MIL, Hub and Yi's birthdays fall within 3 days consecutively, according to the Lunar calendar. We've become jaded with cakes recently, having celebrated many birthdays at the end the year. I thought of making my bountiful fresh fruit cream cake but the price of berries is just too high. And then I saw my favorite fruit, mangoes (well, they tie with durians as my fav) at only RM8 per kilo. I don't know of anyone who doesn't like mangoes so mango cake it was. I didn't want a mango cake that when sliced will separate into layers because the mangoes don't stick. I don't like spongy mousse either. I was concerned about fresh dairy cream melting in our tropical island heat. I wanted something in between mousse and ordinary fresh cream and it had to hold up to the weather yet not be firm.
In the end, I made a very light mousse, so light you can't tell it's mousse. Instead of just scattering diced mangoes over the fresh cream, I added a cup of mango puree and covered the whole cake with the mango puree cream. A cake this luxurious will cost a bomb from the made-to-order home-bakers. As it is, this 23 cm/10" cake cost only about RM40 to make. And the taste? Just imagine it for yourself: soft moist sponge layers sandwiched with mangoey fresh cream and mango bits, full of flavor and taste.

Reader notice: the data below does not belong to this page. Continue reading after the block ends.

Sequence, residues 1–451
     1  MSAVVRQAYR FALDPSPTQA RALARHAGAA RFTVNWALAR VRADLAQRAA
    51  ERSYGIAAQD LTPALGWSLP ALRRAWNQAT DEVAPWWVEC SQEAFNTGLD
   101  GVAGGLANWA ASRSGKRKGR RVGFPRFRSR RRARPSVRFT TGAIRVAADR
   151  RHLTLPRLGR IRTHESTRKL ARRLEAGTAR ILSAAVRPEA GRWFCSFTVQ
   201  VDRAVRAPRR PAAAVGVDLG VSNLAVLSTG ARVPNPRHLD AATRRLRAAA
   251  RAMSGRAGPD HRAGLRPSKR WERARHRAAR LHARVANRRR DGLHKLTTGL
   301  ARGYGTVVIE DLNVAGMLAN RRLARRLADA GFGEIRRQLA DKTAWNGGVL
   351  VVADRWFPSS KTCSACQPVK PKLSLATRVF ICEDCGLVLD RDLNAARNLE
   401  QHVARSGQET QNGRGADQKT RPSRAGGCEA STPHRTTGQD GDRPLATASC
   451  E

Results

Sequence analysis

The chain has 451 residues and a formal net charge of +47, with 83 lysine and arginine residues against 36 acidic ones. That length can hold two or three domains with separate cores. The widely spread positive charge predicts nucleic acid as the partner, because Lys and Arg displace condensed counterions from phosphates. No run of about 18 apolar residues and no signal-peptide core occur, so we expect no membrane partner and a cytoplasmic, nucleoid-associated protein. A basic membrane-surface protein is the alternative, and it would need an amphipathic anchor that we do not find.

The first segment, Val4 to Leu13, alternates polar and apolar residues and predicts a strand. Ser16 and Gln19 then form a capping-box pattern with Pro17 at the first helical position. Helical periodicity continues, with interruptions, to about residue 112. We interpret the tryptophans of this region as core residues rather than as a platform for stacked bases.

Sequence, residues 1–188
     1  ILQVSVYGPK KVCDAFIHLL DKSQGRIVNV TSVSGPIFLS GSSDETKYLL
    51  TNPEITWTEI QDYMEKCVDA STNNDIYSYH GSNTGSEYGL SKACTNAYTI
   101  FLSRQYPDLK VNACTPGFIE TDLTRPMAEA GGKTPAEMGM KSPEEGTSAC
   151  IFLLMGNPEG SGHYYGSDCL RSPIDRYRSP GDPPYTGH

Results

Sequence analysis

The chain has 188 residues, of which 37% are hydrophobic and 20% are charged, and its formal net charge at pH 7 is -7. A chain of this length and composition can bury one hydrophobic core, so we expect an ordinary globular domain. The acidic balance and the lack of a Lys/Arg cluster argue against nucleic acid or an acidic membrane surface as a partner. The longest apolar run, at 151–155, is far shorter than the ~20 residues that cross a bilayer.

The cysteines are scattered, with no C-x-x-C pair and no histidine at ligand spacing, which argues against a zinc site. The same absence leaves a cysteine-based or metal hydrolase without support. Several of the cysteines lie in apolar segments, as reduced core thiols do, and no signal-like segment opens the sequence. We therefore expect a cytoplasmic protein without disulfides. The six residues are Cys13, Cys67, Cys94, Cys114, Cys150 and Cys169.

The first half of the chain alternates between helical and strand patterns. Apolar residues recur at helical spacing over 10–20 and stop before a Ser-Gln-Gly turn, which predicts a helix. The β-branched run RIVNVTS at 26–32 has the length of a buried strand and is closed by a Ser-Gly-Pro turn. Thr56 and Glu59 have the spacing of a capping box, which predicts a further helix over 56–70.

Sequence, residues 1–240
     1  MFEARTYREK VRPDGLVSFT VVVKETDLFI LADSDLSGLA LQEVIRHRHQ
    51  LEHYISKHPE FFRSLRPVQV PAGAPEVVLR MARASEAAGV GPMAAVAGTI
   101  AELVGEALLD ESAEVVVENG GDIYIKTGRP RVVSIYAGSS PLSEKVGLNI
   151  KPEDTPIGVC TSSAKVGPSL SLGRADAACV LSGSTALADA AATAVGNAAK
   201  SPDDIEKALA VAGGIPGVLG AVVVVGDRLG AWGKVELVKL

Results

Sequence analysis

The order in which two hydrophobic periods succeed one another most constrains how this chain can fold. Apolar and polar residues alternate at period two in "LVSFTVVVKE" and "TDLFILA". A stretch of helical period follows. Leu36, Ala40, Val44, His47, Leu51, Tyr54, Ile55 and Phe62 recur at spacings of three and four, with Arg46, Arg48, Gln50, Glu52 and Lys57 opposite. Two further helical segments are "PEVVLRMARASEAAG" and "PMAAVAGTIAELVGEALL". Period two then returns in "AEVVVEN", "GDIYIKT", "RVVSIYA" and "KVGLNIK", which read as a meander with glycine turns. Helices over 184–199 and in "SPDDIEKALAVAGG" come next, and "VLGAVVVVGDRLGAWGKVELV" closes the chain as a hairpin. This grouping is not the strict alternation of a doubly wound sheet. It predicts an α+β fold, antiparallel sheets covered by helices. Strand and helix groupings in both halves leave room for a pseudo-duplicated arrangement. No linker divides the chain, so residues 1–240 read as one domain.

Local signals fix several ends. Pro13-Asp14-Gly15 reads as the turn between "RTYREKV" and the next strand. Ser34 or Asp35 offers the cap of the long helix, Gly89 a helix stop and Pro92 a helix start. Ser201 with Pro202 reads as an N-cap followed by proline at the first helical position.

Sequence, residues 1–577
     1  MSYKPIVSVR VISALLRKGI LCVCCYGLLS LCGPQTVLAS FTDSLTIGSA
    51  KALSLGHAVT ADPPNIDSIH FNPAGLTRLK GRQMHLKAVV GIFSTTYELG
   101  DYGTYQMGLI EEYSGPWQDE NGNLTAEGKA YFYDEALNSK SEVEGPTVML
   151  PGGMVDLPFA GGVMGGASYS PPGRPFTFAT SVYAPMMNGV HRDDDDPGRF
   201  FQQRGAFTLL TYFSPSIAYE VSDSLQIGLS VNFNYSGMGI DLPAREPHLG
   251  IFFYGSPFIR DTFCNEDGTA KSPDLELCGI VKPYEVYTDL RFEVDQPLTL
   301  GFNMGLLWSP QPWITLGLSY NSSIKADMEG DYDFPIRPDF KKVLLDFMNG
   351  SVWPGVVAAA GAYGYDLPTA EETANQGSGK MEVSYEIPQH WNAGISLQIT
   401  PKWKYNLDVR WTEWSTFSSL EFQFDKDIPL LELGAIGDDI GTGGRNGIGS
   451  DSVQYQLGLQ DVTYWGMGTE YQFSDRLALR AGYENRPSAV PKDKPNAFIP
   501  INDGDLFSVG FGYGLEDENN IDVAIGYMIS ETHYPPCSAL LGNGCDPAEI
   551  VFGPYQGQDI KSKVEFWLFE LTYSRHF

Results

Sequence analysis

The mangoes I used were the yellow-skin Filipino mangoes. They are quite a good substitute for the best mango--the Luzon mango--although not as rich in flavor or color. It was hard to fold the mangoes because I didn't cut them thin enough. Check out the mango cheesecake I made with apple mangoes; they folded better.
Mango Fresh Cream Cake
1 x 10" sponge cake, cut into 3 layers
700 ml fresh dairy whipping cream
1 egg yolk
8 T castor sugar
1 cup diced mangoes, pureed
2 pieces gelatine leaves
150 oz fresh dairy whipping cream, very well chilled
2 cups diced mangoes
extra sliced mangoes for decoration
1. Put 150 ml of fresh cream into a small pot. Soak the gelatine leaves briefly in water and when it just turns soft, add it to the cream in the pot. Add the egg yolk and 3 tablespoon of sugar and stir with a small whisk over low heat until the gelatine has melted. Take off fire and stir in the mango puree. Let cool and put into freezer until the edge or side is set and the middle very thick and syrupy.
2. Whisk the remaining cream with the remaining 5 T of sugar (you may need more; we're on a low-sugar diet) until it just becomes stiff. Now add the nearly-set mango puree and stir through the cream quickly to blend. Quickly stir in the diced mangoes.
3. Working quickly, sandwich the cake layers with the filling and cover the sides and top of the cake too. Decorate with extra mango slices, glaze the mangoes with diluted piping jelly or apricot jam and put cake to chill for at least 4 hours.